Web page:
however, argued that Oklahoma's bogus check laws were already strict
enough. The measure failed to receive the necessary 25 majority votes,
falling on a 24-22 vote.
- Senators approved legislation that would
expand the state liquor agency's duties to include education. SB 1038
by Sen. Ted Fisher would add to the list of duties performed by the
Alcoholic Beverage Law Enforcement Commission (ABLE) to include the
education of bartenders and others in licensed establishments to recognize
and prevent intoxication. The measure calls for particular emphasis
on provisions prohibiting the sale of alcohol to minors.
- The House and Senate approved legislation
that would officially change the name of the State Board of Vocational
and Technical Education. HB 2128 by Sen. Mike Morgan renames the entity
the State Board of Career and Technology Education. Board members
requested the change, saying it better reflects the mission of the
department they oversee.
- The House gave final approval to legislation
that would make it easier for retired teachers' organizations to retain
members. SB 1239 by Sen. Keith Leftwich would require the Oklahoma
Teachers Retirement System to provide application for retired teachers'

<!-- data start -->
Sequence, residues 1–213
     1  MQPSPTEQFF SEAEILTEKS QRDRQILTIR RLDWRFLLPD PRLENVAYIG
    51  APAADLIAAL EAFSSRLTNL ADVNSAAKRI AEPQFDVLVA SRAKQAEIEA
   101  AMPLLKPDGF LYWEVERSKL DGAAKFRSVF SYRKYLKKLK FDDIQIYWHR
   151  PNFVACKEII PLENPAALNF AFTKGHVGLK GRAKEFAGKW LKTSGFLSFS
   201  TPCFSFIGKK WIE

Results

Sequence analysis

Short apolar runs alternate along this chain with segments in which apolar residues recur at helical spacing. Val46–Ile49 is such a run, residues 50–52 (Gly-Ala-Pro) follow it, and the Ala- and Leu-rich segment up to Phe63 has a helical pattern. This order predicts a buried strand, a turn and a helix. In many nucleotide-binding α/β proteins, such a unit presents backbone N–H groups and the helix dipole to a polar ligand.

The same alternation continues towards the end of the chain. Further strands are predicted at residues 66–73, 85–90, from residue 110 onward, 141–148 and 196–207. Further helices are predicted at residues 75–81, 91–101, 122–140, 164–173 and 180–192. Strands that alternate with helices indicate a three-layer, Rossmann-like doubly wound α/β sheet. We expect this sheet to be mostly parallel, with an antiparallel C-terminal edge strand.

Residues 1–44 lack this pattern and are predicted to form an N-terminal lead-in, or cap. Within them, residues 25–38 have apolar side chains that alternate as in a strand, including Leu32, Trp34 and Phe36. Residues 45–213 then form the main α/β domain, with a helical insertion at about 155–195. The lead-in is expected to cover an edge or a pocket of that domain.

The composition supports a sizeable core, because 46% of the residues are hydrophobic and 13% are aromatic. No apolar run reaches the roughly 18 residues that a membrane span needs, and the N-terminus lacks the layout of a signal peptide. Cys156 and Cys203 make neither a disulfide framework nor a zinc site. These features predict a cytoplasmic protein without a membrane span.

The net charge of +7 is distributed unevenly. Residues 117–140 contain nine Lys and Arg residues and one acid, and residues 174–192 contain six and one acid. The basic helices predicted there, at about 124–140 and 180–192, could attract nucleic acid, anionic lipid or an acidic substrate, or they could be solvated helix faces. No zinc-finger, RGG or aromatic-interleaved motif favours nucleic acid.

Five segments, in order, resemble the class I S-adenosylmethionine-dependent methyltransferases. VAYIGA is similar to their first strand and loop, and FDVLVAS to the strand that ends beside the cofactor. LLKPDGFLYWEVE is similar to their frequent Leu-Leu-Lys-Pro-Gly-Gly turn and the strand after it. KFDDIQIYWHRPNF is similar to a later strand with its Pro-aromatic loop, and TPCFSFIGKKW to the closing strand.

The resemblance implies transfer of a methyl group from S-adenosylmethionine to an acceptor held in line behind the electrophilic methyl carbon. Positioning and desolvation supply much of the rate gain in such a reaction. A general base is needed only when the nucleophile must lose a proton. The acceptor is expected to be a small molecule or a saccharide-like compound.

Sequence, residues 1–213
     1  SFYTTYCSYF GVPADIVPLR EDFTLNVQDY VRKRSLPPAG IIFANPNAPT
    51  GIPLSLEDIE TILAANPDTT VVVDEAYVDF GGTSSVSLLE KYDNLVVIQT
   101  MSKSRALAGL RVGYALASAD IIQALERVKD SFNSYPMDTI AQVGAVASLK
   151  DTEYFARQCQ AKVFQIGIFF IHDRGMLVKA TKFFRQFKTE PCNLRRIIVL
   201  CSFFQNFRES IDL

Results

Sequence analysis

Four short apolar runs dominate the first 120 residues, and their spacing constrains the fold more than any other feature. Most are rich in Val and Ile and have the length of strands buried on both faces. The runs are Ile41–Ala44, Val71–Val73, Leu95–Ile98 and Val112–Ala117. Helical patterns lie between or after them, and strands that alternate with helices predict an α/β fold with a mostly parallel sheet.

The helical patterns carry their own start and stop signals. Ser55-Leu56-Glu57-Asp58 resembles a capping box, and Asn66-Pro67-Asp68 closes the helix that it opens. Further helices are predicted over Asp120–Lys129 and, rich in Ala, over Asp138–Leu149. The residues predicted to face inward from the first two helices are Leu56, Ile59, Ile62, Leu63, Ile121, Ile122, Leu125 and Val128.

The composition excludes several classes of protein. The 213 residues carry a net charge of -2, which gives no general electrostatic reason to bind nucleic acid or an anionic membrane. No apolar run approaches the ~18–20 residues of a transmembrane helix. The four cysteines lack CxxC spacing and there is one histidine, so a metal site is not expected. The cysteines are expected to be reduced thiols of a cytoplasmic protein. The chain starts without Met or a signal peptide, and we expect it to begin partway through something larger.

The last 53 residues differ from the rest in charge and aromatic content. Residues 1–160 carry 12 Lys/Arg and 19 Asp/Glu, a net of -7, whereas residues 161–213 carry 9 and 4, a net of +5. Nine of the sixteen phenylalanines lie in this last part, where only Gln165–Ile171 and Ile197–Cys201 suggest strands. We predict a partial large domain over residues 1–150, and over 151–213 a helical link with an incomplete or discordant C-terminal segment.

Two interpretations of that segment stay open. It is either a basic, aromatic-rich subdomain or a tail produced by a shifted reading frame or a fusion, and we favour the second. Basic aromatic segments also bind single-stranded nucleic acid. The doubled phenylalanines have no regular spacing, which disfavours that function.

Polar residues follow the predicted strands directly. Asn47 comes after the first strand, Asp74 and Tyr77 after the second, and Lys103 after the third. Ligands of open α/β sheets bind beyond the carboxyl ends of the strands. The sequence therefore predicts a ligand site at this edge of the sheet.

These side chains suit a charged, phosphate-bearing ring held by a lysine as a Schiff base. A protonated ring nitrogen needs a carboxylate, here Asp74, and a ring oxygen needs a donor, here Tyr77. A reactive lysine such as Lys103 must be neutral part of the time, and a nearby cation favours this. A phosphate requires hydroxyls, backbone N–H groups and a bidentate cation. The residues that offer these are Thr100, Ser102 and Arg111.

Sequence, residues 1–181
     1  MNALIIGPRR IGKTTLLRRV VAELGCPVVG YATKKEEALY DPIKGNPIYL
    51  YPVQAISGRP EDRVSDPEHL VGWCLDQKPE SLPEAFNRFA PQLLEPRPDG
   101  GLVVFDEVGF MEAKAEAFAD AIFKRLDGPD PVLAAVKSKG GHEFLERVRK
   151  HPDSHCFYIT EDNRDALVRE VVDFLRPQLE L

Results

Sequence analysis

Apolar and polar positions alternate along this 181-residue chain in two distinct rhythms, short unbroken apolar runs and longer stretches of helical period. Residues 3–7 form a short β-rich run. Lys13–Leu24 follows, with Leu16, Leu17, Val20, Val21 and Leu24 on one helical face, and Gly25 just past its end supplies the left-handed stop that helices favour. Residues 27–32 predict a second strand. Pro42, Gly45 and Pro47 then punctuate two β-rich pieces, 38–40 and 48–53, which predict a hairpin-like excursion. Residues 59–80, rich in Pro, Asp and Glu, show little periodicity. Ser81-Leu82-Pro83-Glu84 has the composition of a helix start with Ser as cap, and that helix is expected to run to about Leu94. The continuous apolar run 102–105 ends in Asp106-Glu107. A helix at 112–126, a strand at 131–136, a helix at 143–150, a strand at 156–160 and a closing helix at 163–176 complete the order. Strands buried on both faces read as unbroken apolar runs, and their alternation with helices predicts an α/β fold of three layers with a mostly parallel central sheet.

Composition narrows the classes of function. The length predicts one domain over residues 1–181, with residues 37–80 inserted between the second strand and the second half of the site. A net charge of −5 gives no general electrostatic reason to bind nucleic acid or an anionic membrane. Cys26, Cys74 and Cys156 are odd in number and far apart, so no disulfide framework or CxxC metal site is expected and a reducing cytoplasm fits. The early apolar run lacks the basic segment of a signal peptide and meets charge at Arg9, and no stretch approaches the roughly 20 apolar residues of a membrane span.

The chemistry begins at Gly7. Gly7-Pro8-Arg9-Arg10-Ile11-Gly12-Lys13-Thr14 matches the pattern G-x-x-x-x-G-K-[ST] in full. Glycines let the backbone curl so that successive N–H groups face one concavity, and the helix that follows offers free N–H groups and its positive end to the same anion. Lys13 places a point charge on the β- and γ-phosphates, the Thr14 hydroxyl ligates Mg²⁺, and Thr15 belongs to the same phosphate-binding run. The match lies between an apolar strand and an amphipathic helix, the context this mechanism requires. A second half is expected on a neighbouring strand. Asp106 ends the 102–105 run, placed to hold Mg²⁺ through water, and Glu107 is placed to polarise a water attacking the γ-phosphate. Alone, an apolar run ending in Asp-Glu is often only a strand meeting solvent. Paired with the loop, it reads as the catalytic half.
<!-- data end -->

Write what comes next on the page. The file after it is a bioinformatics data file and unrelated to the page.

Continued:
groups and allow membership fees to be deducted from retirement benefits
- Oklahoma school patrons may soon have
the option of doing away with annual millage elections if the Legislature
gets its way. The House and Senate approved HJR 1019 by Sen. Trish
Weedn, legislation that would put that question to a statewide vote.
If approved, individual school districts would have the option of
asking their local voters to discontinue the annual millage elections.
Supporters say the annual votes simply reaffirm current property tax
levels and therefore, are an unnecessary waste of time and money.
- Senators approved legislation designed
to stop the practice of "racial profiling." SB 1444 by Sen.
Maxine Horner would prohibit law enforcement officers from making
traffic stops based solely on the race or ethnicity of the driver
or his passengers. Under the legislation, racial profiling offenses